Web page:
# Homework Help: Baby Rudin, Chapter 2, Problem #20.

1. Dec 14, 2008

### Quantumpencil

1. The problem statement, all variables and given/known data

Are closures and interiors of connected sets always connected?

2. Relevant equations

3. The attempt at a solution

I think this is true for closures and I know it's false for interiors (Found a Counterexample.) I'm having trouble proving it for closures though; I've tried a arguments along the following lines...

Assume X is connected but X(closure) is not. Then X(closure) = AuB, for some open separated sets A and B. So, x in X(closure), then x in A or B. x is in X or a limit point of X; so if I could show x cannot be a limit point of x, then X=AuB and I'd have the result I want. So assume x in X'. Then all N(x) contain some y in X. x is also in A or B, and A and B are open, so lets say x in A. Then x is an interior point of A; and some N(x) is contained in A. We therefore know that X intersect A is not empty. So X(closure) intersect A(closure) is also not empty. But this is not a useful result; it just says A(closure) intersect (AuB) is not empty... lol. I don't think this will work, because there is no reason (I can think of), that A and X can't intersect (which is what this contradiction would depend on.), and I also see no reason a limit point of X couldn't be an interior point of A, assuming that they can intersect... sad ; (. (I later tried a small modification of this to try and show that B was empty... but it also failed miserably)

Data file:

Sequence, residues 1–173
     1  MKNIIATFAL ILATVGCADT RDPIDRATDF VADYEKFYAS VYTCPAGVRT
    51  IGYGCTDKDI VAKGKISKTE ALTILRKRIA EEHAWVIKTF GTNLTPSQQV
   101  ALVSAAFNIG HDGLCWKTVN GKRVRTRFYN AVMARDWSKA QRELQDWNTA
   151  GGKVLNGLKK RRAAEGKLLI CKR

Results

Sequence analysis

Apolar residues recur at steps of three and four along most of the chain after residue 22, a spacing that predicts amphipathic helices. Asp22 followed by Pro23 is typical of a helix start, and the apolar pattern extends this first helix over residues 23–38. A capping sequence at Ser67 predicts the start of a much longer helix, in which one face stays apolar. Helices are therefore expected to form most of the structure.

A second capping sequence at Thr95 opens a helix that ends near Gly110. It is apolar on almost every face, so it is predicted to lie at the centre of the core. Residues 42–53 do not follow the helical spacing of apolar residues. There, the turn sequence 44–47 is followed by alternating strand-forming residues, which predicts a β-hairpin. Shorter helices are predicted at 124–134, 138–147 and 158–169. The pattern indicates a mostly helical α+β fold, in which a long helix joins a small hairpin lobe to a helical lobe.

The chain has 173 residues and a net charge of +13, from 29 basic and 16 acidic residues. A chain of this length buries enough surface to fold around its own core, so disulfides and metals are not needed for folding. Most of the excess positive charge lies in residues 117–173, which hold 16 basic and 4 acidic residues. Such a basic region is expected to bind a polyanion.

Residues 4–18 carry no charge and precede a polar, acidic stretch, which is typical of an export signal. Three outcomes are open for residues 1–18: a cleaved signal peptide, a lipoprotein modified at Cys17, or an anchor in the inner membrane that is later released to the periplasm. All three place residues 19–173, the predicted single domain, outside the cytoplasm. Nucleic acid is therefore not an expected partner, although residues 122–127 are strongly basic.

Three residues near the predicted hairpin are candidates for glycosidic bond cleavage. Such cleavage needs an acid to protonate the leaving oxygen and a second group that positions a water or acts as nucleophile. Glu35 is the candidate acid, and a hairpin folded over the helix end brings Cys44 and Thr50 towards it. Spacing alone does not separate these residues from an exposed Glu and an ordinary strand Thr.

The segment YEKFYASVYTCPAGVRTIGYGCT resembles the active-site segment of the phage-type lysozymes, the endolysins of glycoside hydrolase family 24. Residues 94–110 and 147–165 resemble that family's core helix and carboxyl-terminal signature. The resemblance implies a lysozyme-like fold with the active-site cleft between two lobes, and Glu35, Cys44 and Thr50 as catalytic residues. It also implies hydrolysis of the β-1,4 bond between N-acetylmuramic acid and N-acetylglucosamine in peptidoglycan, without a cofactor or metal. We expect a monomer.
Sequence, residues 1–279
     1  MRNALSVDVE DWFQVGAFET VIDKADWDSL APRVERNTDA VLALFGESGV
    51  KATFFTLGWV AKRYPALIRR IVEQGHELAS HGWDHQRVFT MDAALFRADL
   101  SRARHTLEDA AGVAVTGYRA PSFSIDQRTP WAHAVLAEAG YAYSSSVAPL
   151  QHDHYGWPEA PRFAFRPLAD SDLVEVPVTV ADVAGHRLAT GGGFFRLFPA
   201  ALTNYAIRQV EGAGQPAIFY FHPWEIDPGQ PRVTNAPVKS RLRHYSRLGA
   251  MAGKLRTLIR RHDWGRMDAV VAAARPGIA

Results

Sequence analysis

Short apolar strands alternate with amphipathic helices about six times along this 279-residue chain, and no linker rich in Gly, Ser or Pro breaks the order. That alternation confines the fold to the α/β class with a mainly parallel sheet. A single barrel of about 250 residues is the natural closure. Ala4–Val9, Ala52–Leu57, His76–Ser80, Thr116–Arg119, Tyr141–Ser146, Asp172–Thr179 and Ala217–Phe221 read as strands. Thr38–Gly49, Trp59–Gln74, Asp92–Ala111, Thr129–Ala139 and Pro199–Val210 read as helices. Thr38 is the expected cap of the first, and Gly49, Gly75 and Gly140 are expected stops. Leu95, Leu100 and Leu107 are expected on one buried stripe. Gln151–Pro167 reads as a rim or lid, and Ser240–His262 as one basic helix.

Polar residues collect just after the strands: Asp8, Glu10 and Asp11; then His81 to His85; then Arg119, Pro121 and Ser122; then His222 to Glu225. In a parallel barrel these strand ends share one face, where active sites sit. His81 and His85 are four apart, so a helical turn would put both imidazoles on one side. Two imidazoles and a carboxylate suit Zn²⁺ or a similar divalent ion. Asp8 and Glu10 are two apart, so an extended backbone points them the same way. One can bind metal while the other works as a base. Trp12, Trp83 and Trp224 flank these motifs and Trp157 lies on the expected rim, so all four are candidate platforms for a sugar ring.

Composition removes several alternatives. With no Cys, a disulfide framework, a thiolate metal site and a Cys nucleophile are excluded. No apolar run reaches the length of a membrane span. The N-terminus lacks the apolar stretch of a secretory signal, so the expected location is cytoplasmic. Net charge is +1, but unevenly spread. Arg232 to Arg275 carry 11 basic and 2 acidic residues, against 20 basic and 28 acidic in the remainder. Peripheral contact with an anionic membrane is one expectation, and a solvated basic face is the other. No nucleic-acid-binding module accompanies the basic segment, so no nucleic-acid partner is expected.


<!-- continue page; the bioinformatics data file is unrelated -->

So... now I'm trying to show from A intersect B(closure) = Null and B intersect A(closure = Null; that X must be the null set. But how else can I express X(closure) so that I can work with it and extract information about X from it, other than as XuX'?

Intuitively, I'm feeling this is probably true because if X is connected, then "adding" the "boundary" points (roughly speaking) isn't going to make it "unconnected." So I feel like I should be able to derive the contradiction, "If X(closure) is not connected, then X is not connected, but we said it was!) However I am just awful at proving things, or am not seeing the trick here.

Ugh. The adjustment to proof based math is not treating me well...

2. Dec 14, 2008

### Anthony

Suppose U and V are two disjoint, open sets and assume cl(X) is contained in the union of U and V (so X is automatically in the union). Since X is connected, we know that it lies entirely in U (say). Now consider the complement of V.

3. Dec 14, 2008

### Quantumpencil

Hm... ok... so...

Assume that X is connected, but X(closure) is not connected. Then X(closure) is contained in AuB, and X is also contained in AuB; Since is connected, X must be contained in either A or B, else it'd be the union of two non-empty, separated, open sets and we'd have a contradiction. So assume X is contained in A. Then X(intersect)B = Null. B(complement) = A(closure), since B is open. But that means X(closure) is contained in A (or else we could have some limit point of X not in A, and A would not be closed). This means X closure is contained in A (Because the intersection X(closure), B must be Null), so X closure is not the Union of two non-empty open sets(B must be empty)(?); X closure is connected; a contradiction.

That works I think! But why does X(closure) being in A imply X(closure) is connected? It implies it's a closed subset of an open set; couldn't we have two open subsets of A, U and V which contain X closure? It can't be generally true that no subset of an open set is connected... I was hoping to run into the contradiction, If X(closure) not connected, "then X is not connected, but we said it was" Logically equivalent I guess.